#BookReview Buchan of the Month: Sir Quixote of the Moors by John Buchan

20200118_131258About the Book

In the mid-sixteenth century, Jean de Rohaine, a middle-aged French nobleman, journeys to Scotland in search of adventure and a new beginning. In Scotland he meets up with his old friend, Quentin Kennedy, who informs him of a great battle to be waged. Yet what is the Frenchman’s horror when he rides with Kennedy’s men in search of honour, but finds instead that the “war” is with unarmed religious dissidents, “Covenanters,” whom he watches massacred.

Disgusted, he sets off alone across the barren moors, where he wanders until he comes to a cottage containing a beautiful and unprotected young woman, Anne. Rohaine promises to be her protector, but his ideals of honour and duty will be put to the test when he finds himself gradually falling in love with her….

Format: Hardcover (182 pages) Publisher: T Fisher Unwin
Publication date: 1924 [1895]   Genre: Historical fiction, romance

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My Review

Buchan’s first published novel, Sir Quixote of the Moors is described in one edition as ‘A Charming Narrative of the Scottish Moors depicting the Tragic Love Story of a Gallant Gentleman’. In the book’s prologue, Buchan presents what follows as an account written by a French knight, Jean de Rohaine, even going so far as to invent an explanation for why it is in English and pointing out changes he has made in an editorial capacity. The structural device of discovered papers would recur in later Buchan novels.

The book’s title clearly references Cervantes’ Don Quixote and both heroes share an aspiration to embody in their actions the highest levels of chivalry. The majority of Buchan’s novel is taken up with de Rohaine’s moral dilemma about his growing attraction to Anne, the young woman he pledges to protect when her father and her betrothed are forced into hiding because of their religious views. The fact he arrived at their door lost and near to exhaustion and was shown great hospitality weighs on his conscience.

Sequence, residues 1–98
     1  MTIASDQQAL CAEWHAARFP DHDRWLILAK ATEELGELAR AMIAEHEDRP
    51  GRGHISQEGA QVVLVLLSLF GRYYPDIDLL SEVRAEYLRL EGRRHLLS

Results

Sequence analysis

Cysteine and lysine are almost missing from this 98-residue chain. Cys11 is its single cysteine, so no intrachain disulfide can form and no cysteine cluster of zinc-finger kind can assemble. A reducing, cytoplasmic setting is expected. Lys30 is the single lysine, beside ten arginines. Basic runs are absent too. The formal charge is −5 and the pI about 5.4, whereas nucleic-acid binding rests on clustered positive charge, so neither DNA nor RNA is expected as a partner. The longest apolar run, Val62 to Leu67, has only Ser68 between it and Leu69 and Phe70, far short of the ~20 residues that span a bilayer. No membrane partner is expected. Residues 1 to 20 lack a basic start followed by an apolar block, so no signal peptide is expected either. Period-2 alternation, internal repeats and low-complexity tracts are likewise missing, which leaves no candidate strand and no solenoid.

As mentioned in my earlierblog post introducing the book, Buchan’s first biographer Janet Adam Smith reports he was annoyed his US publisher changed the ending. Having now read the book and compared the two endings, I can see why he was upset. Without giving anything away, the alternative endings to Charles Dickens’ Great Expectations spring to mind.

Although rather a slight story and probably largely of interest due to being his first novel, Sir Quixote of the Moors shows early signs of the literary craftsmanship for which Buchan would become known. In particular, the Scottish landscape is vividly described even if poor Jean experiences it predominantly in the cold, the wind and the rain.

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John BuchanAbout the Author

John Buchan (1875 – 1940) was an author, poet, lawyer, publisher, journalist, war correspondent, Member of Parliament, University Chancellor, keen angler and family man.  He was ennobled and, as Lord Tweedsmuir, became Governor-General of Canada.  In this role, he signed Canada’s entry into the Second World War.   Nowadays he is probably best known – maybe only known – as the author of The Thirty-Nine Steps.  However, in his lifetime he published over 100 books: fiction, poetry, short stories, biographies, memoirs and history.

You can find out more about John Buchan, his life and literary output by visiting The John Buchan Society website.